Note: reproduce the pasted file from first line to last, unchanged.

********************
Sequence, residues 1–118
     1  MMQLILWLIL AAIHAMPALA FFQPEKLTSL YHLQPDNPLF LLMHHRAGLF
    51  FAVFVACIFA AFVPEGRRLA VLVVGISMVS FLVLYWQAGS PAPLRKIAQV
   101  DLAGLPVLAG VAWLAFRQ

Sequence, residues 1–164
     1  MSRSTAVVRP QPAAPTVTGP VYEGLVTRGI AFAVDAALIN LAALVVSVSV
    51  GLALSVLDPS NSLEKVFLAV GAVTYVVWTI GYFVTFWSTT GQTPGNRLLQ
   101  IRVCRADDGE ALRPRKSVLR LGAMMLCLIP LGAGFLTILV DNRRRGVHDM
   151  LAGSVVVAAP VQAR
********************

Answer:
Sequence, residues 1–118
     1  MMQLILWLIL AAIHAMPALA FFQPEKLTSL YHLQPDNPLF LLMHHRAGLF
    51  FAVFVACIFA AFVPEGRRLA VLVVGISMVS FLVLYWQAGS PAPLRKIAQV
   101  DLAGLPVLAG VAWLAFRQ

Sequence, residues 1–164
     1  MSRSTAVVRP QPAAPTVTGP VYEGLVTRGI AFAVDAALIN LAALVVSVSV
    51  GLALSVLDPS NSLEKVFLAV GAVTYVVWTI GYFVTFWSTT GQTPGNRLLQ
   101  IRVCRADDGE ALRPRKSVLR LGAMMLCLIP LGAGFLTILV DNRRRGVHDM
   151  LAGSVVVAAP VQAR